Book Review: Innovation and Entrepreneurship


Peter F Drucker is a prominent thinker on corporations and their management. Recently I discovered a book of his laying around and thumbed through it. Some excellent thoughts regarding where innovation comes from, how entrepreneurship can harness innovation, and how to engage in “entrepreneurial management” to bring those innovations to market.

Innovation - A Consequence of Change

Innovation and entrepreneurship lie right at the edge of change. Sometimes this change takes place in high-profile and obvious ways, such as the creative destruction taking place in Silicon Valley. Other times, this change is less obvious, such as improvements in industrial retail or sales. Drucker points out when change is taking place, opportunities for innovation abound. All one has to do is “just” notice changes taking place and then structure yourself and/or your organization to take advantage of them.

Drucker highlights seven sources of change which drive innovation:

  • The Unexpected: Either by its success or failure, if a product is being received by the market in an unexpected way, then there is a chance to exploit that success or figure out the reason for the failure. For the latter outcome, a new success can probably be found by looking through the reasons for failure and identifying customer new behaviors, which in turn can lead to new products.

  • Incongruities: Customers will pay for services and products which align reality to their expectations of how it should work.

  • Process Need: Find the weakest link in a process, improve it substantially and thereby add further value to the process. We are all looking for improvements, especially in enterprise (supply chains, production techniques, etc.).

  • Industry/Market Structure: When the structure of the market changes, or the industry re-organizes itself, new market segments may come into existence that can be tapped. Usually entrenched interests focus on increasing market share within segments where they have compentency, and may hesistate to branch out. Hence, someone who services the needs of new segments will have the lot to themself. (As the US steel industry changed from an integrated operation to a “mini-mill” operation, companies which pursued old practices lost market share to those, such as Nucor, who adopted the newer practices.)

  • Demographics: A changing population is a basic market development any organization has to respond to. Thankfully, demographic trends are easy to forecast using historical data. Organizations should use this information to prepare for a shift in how they do business. (Universities can project future enrollment based on aggregate birth information, and hospice care facilities can determine what services they will be asked to provide based on demographic surveys of the elderly.)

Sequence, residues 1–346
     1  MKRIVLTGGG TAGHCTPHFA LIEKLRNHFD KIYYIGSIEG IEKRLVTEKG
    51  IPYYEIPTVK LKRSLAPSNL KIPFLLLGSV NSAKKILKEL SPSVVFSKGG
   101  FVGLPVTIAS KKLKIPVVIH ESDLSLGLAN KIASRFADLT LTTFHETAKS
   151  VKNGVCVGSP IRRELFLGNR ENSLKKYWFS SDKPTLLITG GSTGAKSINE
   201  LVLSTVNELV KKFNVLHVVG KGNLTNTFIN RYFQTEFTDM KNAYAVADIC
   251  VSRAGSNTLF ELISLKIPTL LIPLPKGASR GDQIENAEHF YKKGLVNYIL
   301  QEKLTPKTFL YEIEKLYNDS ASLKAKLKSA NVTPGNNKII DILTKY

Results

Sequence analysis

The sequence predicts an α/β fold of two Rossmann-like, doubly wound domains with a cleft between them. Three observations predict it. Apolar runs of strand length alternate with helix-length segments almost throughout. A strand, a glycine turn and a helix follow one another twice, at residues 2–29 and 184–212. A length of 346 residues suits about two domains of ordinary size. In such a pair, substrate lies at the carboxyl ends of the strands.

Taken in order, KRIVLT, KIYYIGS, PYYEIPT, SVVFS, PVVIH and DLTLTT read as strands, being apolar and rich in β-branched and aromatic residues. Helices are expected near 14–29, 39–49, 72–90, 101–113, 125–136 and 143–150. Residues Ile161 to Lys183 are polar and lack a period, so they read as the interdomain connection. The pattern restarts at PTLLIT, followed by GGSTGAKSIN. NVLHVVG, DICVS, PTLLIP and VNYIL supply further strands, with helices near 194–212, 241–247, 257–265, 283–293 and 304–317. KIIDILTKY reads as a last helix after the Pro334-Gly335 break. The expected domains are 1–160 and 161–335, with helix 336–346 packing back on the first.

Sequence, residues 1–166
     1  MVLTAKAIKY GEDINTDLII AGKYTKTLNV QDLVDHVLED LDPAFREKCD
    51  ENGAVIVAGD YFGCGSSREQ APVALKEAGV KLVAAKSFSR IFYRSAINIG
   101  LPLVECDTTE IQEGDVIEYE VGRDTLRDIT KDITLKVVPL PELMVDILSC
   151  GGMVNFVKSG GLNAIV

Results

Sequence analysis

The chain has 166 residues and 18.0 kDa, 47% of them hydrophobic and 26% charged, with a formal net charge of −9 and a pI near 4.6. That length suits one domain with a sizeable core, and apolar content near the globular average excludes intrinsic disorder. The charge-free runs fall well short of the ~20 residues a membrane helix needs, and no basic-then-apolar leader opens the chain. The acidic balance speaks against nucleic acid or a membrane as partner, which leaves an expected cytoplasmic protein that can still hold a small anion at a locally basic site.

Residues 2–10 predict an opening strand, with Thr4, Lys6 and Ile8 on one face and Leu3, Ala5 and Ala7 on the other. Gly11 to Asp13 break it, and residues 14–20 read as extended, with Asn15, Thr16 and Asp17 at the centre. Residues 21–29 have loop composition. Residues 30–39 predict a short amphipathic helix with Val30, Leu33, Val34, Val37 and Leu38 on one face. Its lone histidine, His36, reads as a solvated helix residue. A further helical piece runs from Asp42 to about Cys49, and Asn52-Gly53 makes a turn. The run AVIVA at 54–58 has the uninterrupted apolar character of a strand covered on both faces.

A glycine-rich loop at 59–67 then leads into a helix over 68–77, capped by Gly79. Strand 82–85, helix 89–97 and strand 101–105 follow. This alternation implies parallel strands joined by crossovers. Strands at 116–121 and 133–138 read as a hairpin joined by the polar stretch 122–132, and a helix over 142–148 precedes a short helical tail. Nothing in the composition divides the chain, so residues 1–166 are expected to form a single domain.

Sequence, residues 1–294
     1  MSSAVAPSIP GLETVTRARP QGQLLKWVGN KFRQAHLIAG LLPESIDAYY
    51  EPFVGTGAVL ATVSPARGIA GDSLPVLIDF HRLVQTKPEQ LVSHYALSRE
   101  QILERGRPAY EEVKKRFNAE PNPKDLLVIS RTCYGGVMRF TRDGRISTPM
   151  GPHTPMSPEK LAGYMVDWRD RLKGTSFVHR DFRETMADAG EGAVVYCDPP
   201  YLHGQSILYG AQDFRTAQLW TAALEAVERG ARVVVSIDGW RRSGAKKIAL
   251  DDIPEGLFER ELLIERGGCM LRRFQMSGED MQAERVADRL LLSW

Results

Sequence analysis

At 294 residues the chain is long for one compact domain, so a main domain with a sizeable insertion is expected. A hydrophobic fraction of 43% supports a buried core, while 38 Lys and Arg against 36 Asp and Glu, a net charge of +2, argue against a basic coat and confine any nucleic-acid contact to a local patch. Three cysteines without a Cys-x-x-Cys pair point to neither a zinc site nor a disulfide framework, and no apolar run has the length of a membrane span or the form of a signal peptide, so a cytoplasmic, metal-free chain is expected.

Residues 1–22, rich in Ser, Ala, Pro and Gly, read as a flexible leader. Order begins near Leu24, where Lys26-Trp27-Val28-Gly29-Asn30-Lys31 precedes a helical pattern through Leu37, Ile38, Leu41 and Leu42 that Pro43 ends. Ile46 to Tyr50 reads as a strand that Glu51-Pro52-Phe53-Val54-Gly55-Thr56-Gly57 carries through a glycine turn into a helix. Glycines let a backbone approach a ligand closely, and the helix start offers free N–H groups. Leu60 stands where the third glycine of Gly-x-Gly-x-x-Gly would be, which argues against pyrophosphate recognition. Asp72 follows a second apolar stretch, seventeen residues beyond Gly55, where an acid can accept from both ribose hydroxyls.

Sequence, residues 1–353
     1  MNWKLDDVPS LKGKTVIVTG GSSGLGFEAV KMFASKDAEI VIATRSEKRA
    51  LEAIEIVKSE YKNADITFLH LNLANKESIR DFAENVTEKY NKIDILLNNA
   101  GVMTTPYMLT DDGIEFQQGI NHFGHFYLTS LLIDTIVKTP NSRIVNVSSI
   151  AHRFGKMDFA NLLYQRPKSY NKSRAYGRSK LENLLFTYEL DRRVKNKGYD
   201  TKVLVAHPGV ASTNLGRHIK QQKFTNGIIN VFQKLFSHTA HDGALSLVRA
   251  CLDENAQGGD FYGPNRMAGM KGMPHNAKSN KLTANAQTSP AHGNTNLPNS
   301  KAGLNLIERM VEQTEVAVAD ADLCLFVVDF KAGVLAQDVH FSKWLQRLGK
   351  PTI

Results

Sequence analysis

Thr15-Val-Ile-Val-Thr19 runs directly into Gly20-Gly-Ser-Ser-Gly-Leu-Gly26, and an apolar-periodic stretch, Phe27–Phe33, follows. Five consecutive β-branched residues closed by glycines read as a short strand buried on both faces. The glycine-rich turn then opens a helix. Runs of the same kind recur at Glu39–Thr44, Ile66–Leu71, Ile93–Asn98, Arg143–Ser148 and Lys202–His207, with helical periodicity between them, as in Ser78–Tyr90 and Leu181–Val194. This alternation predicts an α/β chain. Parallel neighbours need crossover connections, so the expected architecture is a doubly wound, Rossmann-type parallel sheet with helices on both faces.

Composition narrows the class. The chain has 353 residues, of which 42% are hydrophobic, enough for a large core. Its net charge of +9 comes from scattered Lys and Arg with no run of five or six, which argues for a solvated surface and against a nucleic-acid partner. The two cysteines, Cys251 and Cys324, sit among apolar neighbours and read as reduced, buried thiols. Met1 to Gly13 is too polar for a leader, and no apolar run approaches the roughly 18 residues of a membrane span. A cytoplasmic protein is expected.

• Shifting Attitudes: A changing demographic is often accompanied by changes in social norms, attitudes, and culture. These changes are hard to quantify, and one always has to avoid embracing something which turns out to be a passing fad. (As of this writing, Millenials are purchasing homes later in their lives, which means we will be in a different life situation when acquiring our first home. Those construction and real estate businesses who figure out appropriate marketing and advertising strategies will do well.)

  • New Knowledge: Research and development, either in an academic or corporate setting, has the potential to produce new products and market segments. However, as R&D leads the creation of new revenue streams, organizations must be willing to front the requisite capital to make new discoveries, accept that some failures are inevitable, and define what constitutes a suitable return on investment.

Practicing Entrepreneurship

The practice of entrepreneurship requires organizing your business to take advantage of innovation. How that organization looks depends on what kind of business you are in. Drucker identifies three basic “businesses” - the Service Institution, the New Venture, and the Existing Business. For each, he describes how entrepreneurship can be practiced.

  • Service Institution: A “service instititution” can be a governmental agency, non-profit, or NGO. Service institutions are characterized by a lack of “profit motive”. Further, these institutions are judged based on how close they come to achieving essentially unattainable goals, such as “eradicating hunger” or “eliminating poverty”. Drucker observes this incentivizes these institutions not to optimize their delivery of services, but instead to grow and grow to maximize them. As such, these institutions tend to become bloated and inefficient, and are hard to change. Instead of holding service institutions to impossible standards, objective, measurable, and rational goals should be crafted for these institutions to pursue. Further, efficiencies can be introduced contracting these services out to the private sector via privatization.